martyrize

[ mahr-tuh-rahyz ]
/ ˈmɑr təˌraɪz /

verb (used with object), mar·tyr·ized, mar·tyr·iz·ing.

to make a martyr of: The ancient Romans martyrized many Christians.
to torment.

QUIZZES

"EVERYDAY" VS. "EVERY DAY" QUIZ: IS IT ONE WORD OR TWO?

An everyday activity is one you do every day. (Thanks, English.) Practice using "everyday," one word, and "every day," two words, in this fun quiz with … everyday example sentences!
Question 1 of 16
“Everyday" is an adjective that describes things that happen habitually or items that are normal items or events.
Also especially British, mar·tyr·ise.

Origin of martyrize

1400–50; late Middle English martirizen < Medieval Latin martyrizāre. See martyr, -ize

OTHER WORDS FROM martyrize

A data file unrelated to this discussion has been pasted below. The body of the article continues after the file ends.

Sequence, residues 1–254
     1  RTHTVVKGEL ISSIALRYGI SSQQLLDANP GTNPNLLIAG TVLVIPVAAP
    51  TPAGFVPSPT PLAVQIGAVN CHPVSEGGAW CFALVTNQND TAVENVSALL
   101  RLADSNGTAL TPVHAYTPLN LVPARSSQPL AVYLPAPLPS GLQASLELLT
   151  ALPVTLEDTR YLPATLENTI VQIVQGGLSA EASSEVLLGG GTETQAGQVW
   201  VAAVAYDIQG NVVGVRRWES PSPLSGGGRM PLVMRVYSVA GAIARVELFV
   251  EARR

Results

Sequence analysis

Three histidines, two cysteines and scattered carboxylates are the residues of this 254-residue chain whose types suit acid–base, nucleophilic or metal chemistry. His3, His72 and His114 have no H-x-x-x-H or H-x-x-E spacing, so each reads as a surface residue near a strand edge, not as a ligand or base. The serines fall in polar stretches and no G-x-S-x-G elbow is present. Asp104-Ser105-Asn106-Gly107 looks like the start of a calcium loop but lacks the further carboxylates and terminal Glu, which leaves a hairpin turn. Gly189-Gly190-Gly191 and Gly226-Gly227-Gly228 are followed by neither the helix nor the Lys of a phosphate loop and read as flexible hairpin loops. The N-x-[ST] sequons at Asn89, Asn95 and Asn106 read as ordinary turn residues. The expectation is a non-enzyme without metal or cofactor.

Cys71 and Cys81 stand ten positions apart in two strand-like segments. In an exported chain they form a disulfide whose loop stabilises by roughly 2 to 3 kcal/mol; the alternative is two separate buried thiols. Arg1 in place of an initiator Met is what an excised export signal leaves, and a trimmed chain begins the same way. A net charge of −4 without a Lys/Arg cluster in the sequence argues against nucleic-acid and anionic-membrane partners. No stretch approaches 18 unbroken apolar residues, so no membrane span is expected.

mar·tyr·i·za·tion, noun
Dictionary.com Unabridged Based on the Random House Unabridged Dictionary, © Random House, Inc. 2020

Example sentences from the Web for martyrize

  • They cut off their limbs and antennæ and often martyrize them to death with a rabidness that sadly resembles human sentiments!

    The Sexual Question|August Forel
  • Must such people come to the Sea to martyrize the sick and to vulgarize the majesty of the Sea, that wild and true grandeur?

    The Sea|Jules Michelet
  • As to you, my brave companion—(Mylio stops; his foot has struck the iron pincers that served to martyrize Karvel the Perfect).